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  • WHAT ADVICE WOULD YOU GIVE SOMEONE WHO HAS NO IDEA WHAT THEY WANT TO DO WITH THEIR CAREER?

    Try a few things and see what sticks. Write, collaborate, apply for a part-time internship. Find something you love that you can do on the side and attempt to grow that while you work full-time. Think about the things you really love–what makes you happy and has you feeling inspired. It’s so hard, so my best advice is to put less pressure on yourself to find the perfect job because nothing is perfect. Everything comes with ups and downs and never forget that it’s never too late to start over.

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  • WHAT DID YOU THINK YOU WANTED TO DO WITH YOUR CAREER WHEN YOU WERE 22?

    Majoring in Sociology didn’t give me the clearest sense of where I’d end up, so I thought about everything from starting a letterpress stationery line to studying fashion or interior design at FIDM. Ultimately, I decided against that since I knew nothing about letterpress and wouldn’t walk away with a BA from FIDM. So in short, something creative but I had no idea what I actually wanted and felt so much pressure to figure it out.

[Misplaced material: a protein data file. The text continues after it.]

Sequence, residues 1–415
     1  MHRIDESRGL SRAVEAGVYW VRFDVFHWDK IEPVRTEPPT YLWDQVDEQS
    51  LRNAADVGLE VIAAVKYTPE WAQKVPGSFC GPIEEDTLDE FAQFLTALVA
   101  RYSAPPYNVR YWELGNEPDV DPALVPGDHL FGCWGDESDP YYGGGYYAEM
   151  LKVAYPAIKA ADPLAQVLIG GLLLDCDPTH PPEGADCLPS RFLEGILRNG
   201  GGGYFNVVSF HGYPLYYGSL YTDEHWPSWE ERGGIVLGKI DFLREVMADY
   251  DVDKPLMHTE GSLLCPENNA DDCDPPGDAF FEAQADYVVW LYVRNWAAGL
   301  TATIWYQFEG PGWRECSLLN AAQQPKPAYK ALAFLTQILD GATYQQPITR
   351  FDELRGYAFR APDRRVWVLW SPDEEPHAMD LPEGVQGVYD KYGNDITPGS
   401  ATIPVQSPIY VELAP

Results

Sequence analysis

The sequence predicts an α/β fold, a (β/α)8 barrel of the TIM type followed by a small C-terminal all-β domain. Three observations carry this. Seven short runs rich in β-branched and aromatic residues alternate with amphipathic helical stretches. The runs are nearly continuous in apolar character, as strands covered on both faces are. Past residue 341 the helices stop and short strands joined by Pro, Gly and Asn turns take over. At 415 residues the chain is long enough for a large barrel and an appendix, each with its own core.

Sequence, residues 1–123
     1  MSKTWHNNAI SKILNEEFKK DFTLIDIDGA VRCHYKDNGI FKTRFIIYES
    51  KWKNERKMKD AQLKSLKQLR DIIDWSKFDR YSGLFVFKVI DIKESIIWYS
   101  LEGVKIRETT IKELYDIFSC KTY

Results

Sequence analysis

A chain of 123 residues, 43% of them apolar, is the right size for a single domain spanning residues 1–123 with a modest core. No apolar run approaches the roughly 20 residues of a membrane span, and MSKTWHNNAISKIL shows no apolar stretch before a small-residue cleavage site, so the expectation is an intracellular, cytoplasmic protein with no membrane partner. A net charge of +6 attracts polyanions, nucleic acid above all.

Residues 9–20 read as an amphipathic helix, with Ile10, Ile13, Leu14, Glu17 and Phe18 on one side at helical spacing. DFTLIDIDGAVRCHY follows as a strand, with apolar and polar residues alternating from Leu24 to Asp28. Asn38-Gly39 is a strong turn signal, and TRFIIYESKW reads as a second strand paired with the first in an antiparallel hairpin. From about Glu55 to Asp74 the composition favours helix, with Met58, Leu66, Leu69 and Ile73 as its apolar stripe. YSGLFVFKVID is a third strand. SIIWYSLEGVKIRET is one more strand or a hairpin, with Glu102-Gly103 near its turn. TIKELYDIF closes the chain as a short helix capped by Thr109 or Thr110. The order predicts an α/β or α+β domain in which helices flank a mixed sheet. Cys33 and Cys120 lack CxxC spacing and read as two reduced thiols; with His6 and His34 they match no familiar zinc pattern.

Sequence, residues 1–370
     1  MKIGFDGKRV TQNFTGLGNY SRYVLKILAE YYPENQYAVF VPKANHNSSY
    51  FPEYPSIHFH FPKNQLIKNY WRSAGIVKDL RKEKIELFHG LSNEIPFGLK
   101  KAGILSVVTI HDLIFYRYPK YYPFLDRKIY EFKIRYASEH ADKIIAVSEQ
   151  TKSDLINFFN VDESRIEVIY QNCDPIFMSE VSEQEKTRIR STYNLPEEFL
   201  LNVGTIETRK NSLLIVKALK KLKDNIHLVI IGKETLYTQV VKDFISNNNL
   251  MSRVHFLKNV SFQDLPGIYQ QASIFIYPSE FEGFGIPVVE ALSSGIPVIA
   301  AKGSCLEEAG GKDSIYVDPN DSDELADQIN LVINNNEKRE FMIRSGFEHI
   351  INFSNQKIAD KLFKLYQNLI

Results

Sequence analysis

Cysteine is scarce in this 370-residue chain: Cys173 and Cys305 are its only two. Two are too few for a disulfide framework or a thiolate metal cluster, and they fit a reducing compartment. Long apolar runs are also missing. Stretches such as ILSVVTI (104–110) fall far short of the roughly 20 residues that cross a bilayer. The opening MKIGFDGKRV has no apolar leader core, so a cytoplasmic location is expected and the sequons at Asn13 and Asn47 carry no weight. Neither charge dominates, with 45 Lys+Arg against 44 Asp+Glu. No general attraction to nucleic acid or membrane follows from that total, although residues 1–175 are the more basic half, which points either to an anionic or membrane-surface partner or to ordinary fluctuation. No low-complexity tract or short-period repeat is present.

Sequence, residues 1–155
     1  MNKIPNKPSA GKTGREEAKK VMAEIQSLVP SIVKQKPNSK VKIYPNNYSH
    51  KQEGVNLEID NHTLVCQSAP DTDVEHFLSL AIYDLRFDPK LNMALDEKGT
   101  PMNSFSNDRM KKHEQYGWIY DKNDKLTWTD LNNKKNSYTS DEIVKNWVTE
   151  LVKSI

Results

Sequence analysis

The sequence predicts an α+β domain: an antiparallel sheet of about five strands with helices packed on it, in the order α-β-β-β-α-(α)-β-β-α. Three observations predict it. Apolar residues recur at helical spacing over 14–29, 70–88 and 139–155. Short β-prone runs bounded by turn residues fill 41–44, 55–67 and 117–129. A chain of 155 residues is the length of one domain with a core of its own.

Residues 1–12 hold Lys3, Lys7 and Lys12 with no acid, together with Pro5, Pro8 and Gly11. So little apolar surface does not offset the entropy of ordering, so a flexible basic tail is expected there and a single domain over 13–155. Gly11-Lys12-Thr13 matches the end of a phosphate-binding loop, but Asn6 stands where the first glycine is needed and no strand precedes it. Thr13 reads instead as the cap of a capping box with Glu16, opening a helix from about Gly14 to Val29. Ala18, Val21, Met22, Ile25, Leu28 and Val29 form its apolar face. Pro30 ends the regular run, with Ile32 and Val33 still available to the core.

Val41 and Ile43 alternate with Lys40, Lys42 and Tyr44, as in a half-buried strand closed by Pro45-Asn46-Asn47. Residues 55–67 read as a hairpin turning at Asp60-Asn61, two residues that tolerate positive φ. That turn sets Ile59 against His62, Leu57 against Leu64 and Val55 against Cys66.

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  • WHAT WAS YOUR FIRST JOB OUT OF COLLEGE?

    There was a position in PR for a few months, one at a graphic design firm, and finally, a job as an executive assistant in the entertainment industry (product placement in film) for a company run by a family I used to babysit for. The job was something I enjoyed but I ultimately knew it wasn’t going to take me where I wanted to go. I ended up designing blogs on the side and eventually went full-time as a graphic designer.